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After Coi Snub, Daniel Patterson Questions the Top 100 List

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The chef highlights how issues of race, gender, and the Bay Area’s socioeconomic disparity played out on Bauer’s annual list

Chef Daniel Patterson
Patricia Chang

Last week, SF Chronicle critic Michael Bauer’s annual Top 100 List landed with a thud in the Bay Area, despite inclusions of many talented chefs and their restaurants. The complication: Bauer’s decision to include restaurants owned by men credibly accused of sexual harassment and abuse.

Weeks before the list was published, members of the SF Chronicle’s food team (including Bauer) wrote a four-part op-ed on whether food media should cover or reward restaurants that have been linked to sexual harassment. Bauer was the only writer who believed that claims of sexual harassment have no bearing, ultimately, on whether or not a restaurant should be covered or reviewed.

In the end, the critic included three of those restaurants — Bottega and Coqueta from Michael Chiarello, and Tosca Cafe which is co-owned by Ken Friedman — on the list.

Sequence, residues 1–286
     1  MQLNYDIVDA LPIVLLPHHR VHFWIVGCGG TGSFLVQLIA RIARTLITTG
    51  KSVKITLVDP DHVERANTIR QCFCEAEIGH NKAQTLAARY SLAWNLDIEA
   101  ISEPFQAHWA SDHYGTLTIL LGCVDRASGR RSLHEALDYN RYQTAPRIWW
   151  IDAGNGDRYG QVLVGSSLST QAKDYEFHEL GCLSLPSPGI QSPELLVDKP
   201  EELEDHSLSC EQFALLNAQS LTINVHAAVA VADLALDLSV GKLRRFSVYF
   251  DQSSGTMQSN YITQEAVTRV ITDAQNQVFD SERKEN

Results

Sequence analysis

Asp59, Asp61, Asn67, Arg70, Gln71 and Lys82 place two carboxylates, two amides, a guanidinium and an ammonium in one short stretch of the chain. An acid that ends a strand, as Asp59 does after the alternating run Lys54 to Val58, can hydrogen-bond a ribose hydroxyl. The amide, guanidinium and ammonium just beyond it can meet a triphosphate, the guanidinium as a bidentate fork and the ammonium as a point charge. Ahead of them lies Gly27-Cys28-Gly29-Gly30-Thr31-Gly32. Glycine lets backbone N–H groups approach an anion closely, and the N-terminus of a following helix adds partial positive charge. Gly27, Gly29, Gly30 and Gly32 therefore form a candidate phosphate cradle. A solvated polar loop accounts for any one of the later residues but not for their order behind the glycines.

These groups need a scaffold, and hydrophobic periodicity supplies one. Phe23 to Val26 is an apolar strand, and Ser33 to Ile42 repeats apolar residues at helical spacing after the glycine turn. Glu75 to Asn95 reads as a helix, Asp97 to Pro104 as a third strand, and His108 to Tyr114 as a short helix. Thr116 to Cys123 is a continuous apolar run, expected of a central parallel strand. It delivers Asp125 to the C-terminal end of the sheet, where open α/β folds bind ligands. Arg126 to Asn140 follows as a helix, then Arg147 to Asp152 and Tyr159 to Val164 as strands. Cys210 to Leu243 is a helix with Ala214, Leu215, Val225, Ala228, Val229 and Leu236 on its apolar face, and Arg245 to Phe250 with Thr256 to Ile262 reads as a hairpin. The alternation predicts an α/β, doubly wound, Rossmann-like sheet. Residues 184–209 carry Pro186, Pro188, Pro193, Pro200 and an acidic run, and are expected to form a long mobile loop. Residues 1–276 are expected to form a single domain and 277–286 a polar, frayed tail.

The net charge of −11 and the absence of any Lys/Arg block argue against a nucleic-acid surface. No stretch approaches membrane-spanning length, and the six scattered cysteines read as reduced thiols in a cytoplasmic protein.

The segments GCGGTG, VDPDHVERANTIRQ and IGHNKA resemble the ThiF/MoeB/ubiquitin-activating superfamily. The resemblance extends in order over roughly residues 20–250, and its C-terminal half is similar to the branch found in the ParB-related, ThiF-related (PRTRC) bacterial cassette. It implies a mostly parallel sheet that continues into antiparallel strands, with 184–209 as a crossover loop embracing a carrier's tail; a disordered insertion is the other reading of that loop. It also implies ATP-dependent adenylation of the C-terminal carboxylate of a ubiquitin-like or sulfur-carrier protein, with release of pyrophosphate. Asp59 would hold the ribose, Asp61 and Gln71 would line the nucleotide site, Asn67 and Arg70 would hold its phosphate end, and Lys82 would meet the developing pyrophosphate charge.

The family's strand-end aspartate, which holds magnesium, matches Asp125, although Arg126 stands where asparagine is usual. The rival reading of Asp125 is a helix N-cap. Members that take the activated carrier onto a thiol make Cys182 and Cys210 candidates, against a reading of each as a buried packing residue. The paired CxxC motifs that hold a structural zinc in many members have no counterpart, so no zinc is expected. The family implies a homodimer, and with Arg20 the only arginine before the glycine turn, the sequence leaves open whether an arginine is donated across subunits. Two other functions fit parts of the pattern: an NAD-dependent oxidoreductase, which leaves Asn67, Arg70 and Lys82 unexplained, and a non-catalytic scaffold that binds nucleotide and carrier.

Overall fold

He also failed to include several notable restaurants that have had a place on the list,ending Foreign Cinema’s 17 year stretch, and Coi’s 12 years of inclusion.

Following publication of the list, Bauer felt the need to respond to the wave of criticism with a short essay on Friday, digging in his heels on the matter. “What I can do is to give readers the information they need to decide whether to support a restaurant under a cloud of harassment allegations,” he wrote, confirming that while readers have choices on where to spend their dollars, those restaurateurs accused of bad behavior might still deserve them.

While no reason has been given for Foreign Cinema’s displacement (or any of the other restaurants not on the list), Bauer sought to rationalize his choice with an entire three- (originally published as four-) star review to why he kept Coi off the list. Mostly the decision was about whether new executive chef Erik Anderson was cooking the “nuanced California cuisine” that Bauer expects to see at Coi. But, according to chef/owner Daniel Patterson, it’s about more.

The chef took to Twitter Sunday evening in a twitter thread that questioned the longtime critic’s motives for removing Coi from the list, and for failing to include women and people of color on the list. See the thread below.

Michael Bauer’s Top 100 intro, 2006

And once again, the Chronicle food section seems to have effectively distanced themself from their critic. Today, a survey published today by reporters Tara Duggan and Justin Phillips suggests that while many chefs at the Bay Area’s two- and three-Michelin-starred do not consider the #metoo movement a black and white matter, over half of the restaurants surveyed answered yes to the question “Should media take moral turpitude into account (when reviewing restaurants)?”


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